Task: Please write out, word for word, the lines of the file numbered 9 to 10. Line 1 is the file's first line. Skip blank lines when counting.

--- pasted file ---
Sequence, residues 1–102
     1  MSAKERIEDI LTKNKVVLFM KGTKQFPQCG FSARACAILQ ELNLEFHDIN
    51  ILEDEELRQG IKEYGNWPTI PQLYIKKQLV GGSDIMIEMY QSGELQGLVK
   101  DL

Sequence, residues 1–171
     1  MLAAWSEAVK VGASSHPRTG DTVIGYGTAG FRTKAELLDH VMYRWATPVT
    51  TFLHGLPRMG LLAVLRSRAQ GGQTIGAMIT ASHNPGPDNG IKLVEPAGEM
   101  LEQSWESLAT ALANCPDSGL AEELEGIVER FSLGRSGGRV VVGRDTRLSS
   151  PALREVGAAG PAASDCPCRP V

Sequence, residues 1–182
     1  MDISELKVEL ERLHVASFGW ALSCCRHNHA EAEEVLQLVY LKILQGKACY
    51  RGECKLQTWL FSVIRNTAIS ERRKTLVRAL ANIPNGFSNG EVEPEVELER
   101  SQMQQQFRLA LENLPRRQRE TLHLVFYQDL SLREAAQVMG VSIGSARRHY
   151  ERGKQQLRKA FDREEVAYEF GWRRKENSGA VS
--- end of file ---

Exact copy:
   151  PALREVGAAG PAASDCPCRP V

Sequence, residues 1–182